WestJet Airlines Ltd. plans to lay off 1,700 pilots — three-quarters of the cockpit roster — as the company struggles with fallout from the COVID-19 pandemic.
About 700 pilots are slated to receive layoff notices effective May 1, with 1,000 more kicking in on June 1, depending on employee seniority, according to the Air Line Pilots Association.
The layoffs come amid an ongoing collapse of global travel triggered by border shutdowns and tanking demand, with WestJet parking nearly three-quarters of its fleet and, like Air Canada, cancelling the vast majority of its flights through April and May.
"Issuing layoffs, in response to this crisis, has always been a last resort for WestJet; however, the impact of COVID-19 on the aviation industry is colossal, and WestJet is making difficult but necessary decisions to right-size our airline to weather the crisis," a WestJet spokesperson wrote in an email.
One week ago, WestJet announced it would bring back nearly 6,400 laid-off workers to its payroll using Ottawa's emergency wage subsidy program.
The earlier layoffs did not affect pilots, who had signed a memorandum of understanding to stay on board through April. The 1,700 laid-off pilots will be placed on inactive status and be able to access the federal wage subsidy, the Calgary-based company said.
The furloughs will apply at the carrier's mainline service as well as WestJet Encore and its budget subsidiary Swoop.
The Air Line Pilots Association said in an email Thursday that "discussions are ongoing to mitigate the June layoffs."
Pilots had already made concessions to forgo about 50 per cent of total compensation through April, said Capt. Dave Colquhoun, who chairs the union's WestJet pilots group.
Over the past few weeks, he has been taking part in talks with Ottawa around a possible aid package for airlines.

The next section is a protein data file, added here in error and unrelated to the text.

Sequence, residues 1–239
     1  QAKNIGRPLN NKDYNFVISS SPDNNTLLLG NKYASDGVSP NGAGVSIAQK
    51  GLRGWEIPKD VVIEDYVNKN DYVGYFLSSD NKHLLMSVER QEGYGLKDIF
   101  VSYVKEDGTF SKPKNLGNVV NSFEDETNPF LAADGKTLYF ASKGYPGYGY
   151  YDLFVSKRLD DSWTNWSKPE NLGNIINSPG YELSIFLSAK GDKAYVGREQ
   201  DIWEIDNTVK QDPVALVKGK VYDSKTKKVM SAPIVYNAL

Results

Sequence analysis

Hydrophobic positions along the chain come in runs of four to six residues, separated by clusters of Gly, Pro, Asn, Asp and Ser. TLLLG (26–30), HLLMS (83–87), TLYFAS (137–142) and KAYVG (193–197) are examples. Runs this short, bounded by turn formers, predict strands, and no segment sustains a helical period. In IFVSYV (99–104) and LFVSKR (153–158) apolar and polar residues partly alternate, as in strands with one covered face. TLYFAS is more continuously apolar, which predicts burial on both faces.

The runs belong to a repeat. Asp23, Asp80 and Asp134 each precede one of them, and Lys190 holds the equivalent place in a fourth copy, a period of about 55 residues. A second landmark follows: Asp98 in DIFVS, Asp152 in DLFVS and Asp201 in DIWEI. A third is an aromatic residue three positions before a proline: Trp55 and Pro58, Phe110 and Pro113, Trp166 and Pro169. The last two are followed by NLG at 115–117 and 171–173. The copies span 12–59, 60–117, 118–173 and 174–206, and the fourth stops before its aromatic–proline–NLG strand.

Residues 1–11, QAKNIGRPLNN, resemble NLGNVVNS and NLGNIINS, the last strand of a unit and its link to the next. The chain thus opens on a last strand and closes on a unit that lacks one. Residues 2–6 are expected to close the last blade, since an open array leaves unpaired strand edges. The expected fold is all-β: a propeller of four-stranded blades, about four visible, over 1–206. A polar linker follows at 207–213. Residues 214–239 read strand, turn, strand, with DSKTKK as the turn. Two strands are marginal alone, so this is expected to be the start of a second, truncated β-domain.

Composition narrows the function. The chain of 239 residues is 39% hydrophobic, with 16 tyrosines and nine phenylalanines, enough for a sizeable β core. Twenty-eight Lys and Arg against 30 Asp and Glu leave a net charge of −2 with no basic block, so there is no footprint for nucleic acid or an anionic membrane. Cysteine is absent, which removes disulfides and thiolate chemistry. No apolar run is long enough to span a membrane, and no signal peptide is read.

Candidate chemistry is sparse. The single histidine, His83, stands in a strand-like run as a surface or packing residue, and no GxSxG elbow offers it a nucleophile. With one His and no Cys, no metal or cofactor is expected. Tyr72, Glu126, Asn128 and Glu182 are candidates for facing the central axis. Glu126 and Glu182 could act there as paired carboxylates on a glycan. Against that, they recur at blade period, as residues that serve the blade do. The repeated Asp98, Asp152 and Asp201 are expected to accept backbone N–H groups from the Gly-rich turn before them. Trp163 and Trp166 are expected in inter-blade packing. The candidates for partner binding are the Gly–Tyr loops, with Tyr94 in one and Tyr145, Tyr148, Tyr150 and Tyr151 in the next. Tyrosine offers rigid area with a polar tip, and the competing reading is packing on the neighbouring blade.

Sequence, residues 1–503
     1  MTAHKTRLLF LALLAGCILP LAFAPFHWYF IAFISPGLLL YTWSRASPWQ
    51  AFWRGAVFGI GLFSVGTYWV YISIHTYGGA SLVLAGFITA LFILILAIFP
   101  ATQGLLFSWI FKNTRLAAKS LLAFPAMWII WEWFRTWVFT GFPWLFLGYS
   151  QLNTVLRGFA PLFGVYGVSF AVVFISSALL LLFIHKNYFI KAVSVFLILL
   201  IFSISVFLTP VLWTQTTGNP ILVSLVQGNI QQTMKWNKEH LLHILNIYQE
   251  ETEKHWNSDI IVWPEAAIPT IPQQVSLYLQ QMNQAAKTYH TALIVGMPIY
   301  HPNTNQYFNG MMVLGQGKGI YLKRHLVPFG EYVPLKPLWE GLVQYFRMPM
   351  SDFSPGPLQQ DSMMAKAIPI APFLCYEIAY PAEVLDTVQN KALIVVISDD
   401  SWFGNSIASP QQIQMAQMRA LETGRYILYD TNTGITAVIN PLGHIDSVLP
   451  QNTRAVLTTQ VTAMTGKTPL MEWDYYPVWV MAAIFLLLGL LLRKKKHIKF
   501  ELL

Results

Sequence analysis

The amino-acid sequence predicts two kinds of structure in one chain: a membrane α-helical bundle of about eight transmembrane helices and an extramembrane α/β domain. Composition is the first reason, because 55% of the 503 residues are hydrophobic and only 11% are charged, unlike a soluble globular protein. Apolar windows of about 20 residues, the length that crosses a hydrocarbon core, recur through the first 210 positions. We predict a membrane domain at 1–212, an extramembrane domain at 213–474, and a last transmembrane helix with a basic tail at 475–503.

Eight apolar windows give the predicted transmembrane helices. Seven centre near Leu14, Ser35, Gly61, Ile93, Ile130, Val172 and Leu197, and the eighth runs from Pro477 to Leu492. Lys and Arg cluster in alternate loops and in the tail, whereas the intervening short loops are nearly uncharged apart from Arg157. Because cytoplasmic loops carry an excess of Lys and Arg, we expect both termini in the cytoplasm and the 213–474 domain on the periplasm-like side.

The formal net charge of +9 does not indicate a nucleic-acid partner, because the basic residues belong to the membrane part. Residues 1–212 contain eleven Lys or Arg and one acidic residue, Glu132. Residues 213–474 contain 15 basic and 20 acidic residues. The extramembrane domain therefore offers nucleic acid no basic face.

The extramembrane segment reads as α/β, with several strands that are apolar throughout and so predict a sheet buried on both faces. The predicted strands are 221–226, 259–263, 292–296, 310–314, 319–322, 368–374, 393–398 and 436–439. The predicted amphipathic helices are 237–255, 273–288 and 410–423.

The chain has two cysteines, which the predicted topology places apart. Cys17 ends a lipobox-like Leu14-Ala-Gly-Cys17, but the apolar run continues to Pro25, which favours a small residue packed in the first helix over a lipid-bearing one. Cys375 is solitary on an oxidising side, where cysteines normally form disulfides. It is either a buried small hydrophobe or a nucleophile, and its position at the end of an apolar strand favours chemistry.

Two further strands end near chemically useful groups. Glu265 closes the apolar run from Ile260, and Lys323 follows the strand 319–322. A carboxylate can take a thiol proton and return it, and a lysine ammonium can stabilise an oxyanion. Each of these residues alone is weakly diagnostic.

"We’re looking for the government to find that delicate balance between supporting labour and also understanding the needs of business," Colquhoun said in a telephone interview Thursday.
He cautioned against attaching constrictive strings to a financial relief plan, warning that onerous obligations could harm workers.
"On the surface it seems nice to guarantee a certain number of jobs," Colquhoun said. "We want to make sure that the labour force is kept intact for that recovery. In order to do that, the business has to survive.
"We anticipate that the government’s probably going to look at options where they buy equity positions in companies," he added, but offered as a model the U.S. approach revolving around US$61 billion in federal grants and loans.
At least a dozen countries have thrown their carriers a lifeline in the form of loans, tax relief or direct financial support.
Earlier this week, the International Air Transport Association said passenger revenues will fall by US$314 billion this year — a 55 per cent drop from 2019 — due to "severe domestic restrictions" lasting three months, with some international travel controls extending longer.
"The world is heading for recession," the trade group said, positing that reduced economic activity in the second quarter alone would prompt an eight per cent fall in passenger demand in the third quarter.
Alexandre de Juniac, the association's director general, called for "urgent relief" as the "industry's outlook grows darker by the day."
This story by The Canadian Press was first published April 16, 2020.
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Christopher Reynolds, The Canadian Press